[AccessD] Pushing data to Azure SQL database VERY VERY slow

Jim Lawrence accessd at shaw.ca
Tue Nov 7 16:25:50 CST 2017

I wonder if there is any site that has done the research to allow Cloud users to cross reference performance?

My SiL is working for a company as their head programmer/designer and he is getting his company's site ready for "Black Friday". Their site is running off an AWS segment. When he started he was left with a bit of a disaster. The previous developer had just purchased an application that was supposed to be able to handle the thousands of transaction that super high volumes of a buying and selling spike. The application could not.

He tried every possible AWS configuration but he could only achieve marginal increases in speed.

He is a programming around the problem. He acquired a number of small AWS segments, created a caching system where a number transaction volumes are being populated simultaneously. His FE app tracks which volume is least busy and passing the transaction on to it. Code running at the BE, federates from each small database segment and feeds/syncs into the master database. The beauty of his new system is that all that is necessary to complete a customer's transaction is a acknowledgement, or receipt, from the from the individual DB caches.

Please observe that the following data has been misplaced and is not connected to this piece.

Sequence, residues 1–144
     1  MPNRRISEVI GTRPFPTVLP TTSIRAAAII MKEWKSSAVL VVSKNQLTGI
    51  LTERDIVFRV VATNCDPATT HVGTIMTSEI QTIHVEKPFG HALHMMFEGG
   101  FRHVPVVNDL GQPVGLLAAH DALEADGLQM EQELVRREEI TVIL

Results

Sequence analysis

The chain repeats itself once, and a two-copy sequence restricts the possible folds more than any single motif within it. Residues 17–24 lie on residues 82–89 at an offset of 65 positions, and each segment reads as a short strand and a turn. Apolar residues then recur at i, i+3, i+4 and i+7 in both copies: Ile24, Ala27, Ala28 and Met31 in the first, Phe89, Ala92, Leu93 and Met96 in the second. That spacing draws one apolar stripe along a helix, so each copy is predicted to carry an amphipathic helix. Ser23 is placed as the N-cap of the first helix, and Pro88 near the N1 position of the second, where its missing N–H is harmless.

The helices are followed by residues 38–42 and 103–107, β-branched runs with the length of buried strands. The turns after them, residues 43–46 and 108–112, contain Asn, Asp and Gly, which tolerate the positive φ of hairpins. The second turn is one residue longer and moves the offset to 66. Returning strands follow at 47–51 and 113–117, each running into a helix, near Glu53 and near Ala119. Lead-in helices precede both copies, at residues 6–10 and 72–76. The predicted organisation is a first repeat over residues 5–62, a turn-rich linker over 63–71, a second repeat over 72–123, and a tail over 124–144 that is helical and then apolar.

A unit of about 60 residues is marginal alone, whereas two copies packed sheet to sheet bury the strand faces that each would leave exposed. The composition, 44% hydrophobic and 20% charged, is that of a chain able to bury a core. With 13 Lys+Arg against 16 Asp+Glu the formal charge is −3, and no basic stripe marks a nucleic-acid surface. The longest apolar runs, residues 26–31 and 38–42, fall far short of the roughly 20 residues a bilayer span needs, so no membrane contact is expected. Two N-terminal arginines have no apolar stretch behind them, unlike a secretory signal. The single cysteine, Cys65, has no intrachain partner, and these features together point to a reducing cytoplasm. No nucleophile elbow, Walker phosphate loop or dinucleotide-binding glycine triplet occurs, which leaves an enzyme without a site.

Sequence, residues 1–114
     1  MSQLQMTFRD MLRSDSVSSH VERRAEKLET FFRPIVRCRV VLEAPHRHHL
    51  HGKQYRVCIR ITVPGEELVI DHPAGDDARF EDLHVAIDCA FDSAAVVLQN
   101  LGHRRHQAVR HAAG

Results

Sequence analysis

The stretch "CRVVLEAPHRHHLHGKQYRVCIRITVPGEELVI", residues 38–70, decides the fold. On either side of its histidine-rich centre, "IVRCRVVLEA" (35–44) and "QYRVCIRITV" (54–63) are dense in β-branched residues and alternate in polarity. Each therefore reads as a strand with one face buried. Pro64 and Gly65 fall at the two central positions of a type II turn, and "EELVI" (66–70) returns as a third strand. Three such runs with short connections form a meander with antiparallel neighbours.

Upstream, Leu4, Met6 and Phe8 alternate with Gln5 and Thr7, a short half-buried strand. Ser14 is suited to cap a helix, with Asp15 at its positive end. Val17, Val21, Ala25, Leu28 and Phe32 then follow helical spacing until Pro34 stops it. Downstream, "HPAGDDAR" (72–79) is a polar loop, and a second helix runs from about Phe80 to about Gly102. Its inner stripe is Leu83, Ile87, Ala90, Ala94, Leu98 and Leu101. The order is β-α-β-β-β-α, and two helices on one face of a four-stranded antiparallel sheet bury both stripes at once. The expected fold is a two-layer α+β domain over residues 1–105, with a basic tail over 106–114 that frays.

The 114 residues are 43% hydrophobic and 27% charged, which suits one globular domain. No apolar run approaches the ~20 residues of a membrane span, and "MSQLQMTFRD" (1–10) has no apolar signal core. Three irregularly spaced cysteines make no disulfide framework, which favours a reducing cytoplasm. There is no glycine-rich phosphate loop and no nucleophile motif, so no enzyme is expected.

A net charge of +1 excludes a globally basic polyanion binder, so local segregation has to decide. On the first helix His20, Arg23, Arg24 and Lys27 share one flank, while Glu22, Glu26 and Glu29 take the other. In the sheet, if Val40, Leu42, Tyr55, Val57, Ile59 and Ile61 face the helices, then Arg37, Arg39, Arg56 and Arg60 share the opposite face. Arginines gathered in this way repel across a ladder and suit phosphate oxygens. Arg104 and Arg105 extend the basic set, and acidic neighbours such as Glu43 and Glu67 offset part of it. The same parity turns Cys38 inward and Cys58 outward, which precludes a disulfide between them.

Using his new system there is virtually no limit to how many transactions can be managed. AWS virtual DB segments are spawned, in real time, as volumes increase. The system is fairly complex but he has been testing and building it for months and now he is crunch time, doing 12 to 16 hour shifts.

If you wish, after "Black Friday" is over and he will have a chance to put his feet up and relax and then maybe you could email him and ask him questions about building a FE. He is creating a BE package called "Kitsilano"(?) that his company will be marketing, which is designed to handle unlimited transaction volumes. 

I have also been playing with a friend, building out a number of privately hosted Cloud (NextCloud) instances and using their federation capabilities to sync and collaborate. There may be a possibility to help a client's three offices.

Aside: I do remember either duplicating a table or deleting the contents in a MS SQL table, without or removing all keys and then bulk importing all the data and finally adding or re-adding the keys. Fastest method for updating a huge table. Of course Azure's limitations may not be possible to work around(?).

There is of course a host of tools and methods for expediting data importing into the Azure cloud and MS SQL:



PS To automate bulk importing processes, using command line batch files, contact John C. as he is an expert at processing large amounts of data and large files and might be able to give you some pointers.



----- Original Message -----
From: "Ryan W" <wrwehler at gmail.com>
To: "Access Developers discussion and problem solving" <accessd at databaseadvisors.com>
Sent: Thursday, October 19, 2017 1:38:52 PM
Subject: Re: [AccessD] Pushing data to Azure SQL database VERY VERY slow

  The kicker there is my $10/mo "Shared Windows Hosting", with a Shared SQL
Server with MANY MANY users on it is faster. I realize Azure is a "shared"